Canada Blocks Exports of Some Bulk Prescription Drugs to U.S. to Prevent Shortages
December 1, 2020
Canada has blocked bulk exports of prescription drugs to prevent shortages at home, in response to outgoing U.S. President Donald Trump’s efforts to allow imports from Canada to lower some drug prices for Americans.
“Certain drugs intended for the Canadian market are prohibited from being distributed for consumption outside of Canada if that sale would cause or worsen a drug shortage,” Health Minister Patty Hajdu said in a statement.
The Canadian measure went into effect on November 27th, just days before a U.S. “Importation Prescription Drugs” rule that would eventually allow licensed U.S. pharmacists or wholesalers to import in bulk certain prescription drugs intended for the Canadian market.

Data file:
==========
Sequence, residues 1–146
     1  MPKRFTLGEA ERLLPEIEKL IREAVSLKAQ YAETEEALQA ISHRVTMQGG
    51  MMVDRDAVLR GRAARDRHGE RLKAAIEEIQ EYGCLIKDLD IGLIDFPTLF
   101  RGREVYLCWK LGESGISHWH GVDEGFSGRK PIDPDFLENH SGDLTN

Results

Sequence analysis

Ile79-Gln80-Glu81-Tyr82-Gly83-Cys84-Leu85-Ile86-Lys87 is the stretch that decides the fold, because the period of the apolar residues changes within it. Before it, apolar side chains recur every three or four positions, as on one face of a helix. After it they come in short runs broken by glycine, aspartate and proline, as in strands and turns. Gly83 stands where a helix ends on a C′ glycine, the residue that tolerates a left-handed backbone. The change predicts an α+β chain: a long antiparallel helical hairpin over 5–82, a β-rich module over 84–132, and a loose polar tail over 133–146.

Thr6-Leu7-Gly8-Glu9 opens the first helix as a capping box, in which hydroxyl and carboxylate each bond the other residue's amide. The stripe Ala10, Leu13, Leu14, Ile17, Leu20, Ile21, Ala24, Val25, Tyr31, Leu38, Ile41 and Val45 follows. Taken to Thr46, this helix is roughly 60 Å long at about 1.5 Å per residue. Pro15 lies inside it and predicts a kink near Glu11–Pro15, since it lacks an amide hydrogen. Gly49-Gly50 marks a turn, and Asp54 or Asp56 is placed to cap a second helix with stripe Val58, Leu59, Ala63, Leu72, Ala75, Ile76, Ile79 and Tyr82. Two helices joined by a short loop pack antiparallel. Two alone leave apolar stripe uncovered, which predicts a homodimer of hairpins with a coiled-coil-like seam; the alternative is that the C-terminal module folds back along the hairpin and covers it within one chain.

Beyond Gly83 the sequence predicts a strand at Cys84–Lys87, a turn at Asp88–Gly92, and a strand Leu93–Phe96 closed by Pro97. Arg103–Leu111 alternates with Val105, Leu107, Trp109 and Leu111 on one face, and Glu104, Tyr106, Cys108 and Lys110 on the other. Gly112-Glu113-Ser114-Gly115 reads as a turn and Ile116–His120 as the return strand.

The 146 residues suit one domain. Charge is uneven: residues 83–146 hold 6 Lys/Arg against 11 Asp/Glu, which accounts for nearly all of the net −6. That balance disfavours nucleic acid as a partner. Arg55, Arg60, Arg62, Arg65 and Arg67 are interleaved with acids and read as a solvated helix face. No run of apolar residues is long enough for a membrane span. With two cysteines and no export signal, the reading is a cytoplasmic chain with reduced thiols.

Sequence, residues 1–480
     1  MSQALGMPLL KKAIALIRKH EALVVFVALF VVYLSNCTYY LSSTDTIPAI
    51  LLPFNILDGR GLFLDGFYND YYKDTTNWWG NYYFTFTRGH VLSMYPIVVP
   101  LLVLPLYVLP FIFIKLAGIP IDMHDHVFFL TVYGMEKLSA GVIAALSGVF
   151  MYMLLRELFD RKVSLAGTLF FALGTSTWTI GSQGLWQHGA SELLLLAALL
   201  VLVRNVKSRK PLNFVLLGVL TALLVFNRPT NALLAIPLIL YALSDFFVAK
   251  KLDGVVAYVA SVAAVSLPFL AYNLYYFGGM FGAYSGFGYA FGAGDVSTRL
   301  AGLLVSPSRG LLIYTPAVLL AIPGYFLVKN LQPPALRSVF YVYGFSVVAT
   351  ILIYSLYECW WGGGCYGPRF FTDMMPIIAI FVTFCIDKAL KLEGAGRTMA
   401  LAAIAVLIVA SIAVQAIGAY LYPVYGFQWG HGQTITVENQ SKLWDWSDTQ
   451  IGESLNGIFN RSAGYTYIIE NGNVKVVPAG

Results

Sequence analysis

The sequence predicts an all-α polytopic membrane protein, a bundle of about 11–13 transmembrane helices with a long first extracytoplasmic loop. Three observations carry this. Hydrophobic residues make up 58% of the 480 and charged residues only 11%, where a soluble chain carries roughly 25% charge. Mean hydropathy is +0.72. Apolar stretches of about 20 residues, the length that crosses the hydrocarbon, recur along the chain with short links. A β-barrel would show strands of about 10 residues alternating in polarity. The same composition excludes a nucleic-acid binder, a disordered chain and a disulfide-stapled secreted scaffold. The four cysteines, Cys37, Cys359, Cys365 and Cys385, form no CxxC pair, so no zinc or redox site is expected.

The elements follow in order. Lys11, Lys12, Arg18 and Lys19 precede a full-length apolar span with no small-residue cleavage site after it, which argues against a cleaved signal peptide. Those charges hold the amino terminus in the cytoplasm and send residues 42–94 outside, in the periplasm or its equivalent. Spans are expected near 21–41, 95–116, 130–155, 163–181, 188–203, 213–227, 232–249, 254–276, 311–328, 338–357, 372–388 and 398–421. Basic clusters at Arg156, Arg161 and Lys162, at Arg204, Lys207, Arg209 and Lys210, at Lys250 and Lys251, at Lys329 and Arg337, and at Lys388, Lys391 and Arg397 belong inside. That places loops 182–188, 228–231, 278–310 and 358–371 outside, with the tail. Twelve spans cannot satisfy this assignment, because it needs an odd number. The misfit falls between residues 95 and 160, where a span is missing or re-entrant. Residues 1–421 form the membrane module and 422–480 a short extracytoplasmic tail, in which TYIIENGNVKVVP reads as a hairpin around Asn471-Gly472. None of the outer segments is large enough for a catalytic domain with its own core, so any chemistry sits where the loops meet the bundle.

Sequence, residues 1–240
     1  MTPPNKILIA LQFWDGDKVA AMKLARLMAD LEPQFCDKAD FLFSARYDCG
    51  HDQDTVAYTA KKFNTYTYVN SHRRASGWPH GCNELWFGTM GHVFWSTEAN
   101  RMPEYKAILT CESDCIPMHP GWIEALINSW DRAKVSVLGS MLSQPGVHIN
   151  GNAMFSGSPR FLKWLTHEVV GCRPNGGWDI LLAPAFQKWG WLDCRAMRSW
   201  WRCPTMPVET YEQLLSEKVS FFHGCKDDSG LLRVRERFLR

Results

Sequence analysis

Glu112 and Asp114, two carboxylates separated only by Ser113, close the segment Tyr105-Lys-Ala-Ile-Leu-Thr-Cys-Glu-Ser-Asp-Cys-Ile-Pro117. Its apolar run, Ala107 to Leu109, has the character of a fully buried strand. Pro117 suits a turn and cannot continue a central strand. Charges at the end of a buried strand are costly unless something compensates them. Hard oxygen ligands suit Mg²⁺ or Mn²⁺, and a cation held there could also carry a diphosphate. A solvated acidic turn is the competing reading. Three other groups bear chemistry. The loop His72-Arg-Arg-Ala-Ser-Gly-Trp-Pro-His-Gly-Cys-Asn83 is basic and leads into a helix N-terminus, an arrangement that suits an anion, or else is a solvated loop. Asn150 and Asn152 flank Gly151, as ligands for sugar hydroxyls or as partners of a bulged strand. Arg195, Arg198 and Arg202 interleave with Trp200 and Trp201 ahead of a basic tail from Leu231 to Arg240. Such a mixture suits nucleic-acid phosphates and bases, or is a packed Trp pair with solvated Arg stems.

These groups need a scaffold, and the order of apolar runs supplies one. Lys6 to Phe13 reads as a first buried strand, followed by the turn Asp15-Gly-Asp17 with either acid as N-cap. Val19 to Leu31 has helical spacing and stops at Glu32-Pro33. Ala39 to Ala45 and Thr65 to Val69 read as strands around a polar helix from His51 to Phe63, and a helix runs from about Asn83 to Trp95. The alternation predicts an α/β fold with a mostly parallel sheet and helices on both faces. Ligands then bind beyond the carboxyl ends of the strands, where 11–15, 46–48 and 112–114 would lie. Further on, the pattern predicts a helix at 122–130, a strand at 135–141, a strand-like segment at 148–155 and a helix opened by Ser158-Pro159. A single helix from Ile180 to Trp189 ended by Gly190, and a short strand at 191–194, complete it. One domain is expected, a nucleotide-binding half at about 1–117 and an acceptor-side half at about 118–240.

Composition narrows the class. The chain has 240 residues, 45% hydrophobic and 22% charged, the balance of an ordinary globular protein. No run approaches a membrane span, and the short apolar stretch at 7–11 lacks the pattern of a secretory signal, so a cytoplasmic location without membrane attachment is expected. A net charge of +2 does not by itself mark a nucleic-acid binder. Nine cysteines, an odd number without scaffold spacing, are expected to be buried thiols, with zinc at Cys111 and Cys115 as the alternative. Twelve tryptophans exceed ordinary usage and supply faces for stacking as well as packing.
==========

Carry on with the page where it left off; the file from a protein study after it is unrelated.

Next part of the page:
Trump touted the plan in his first debate with president-elect Joe Biden, who has also said during his campaign that he would set up a similar import plan to try to reduce prescription drug costs for Americans.
“Canada is a small market, representing 2 per cent of global drug sales, that sources 68 per cent of its drugs internationally. The need for vigilance in maintaining the national drug supply continues,” Hajdu’s statement said.
Prime Minister Justin Trudeau said in September he was willing to help other nations with pharmaceutical supplies if possible, adding that his priority was protecting the needs of Canadians.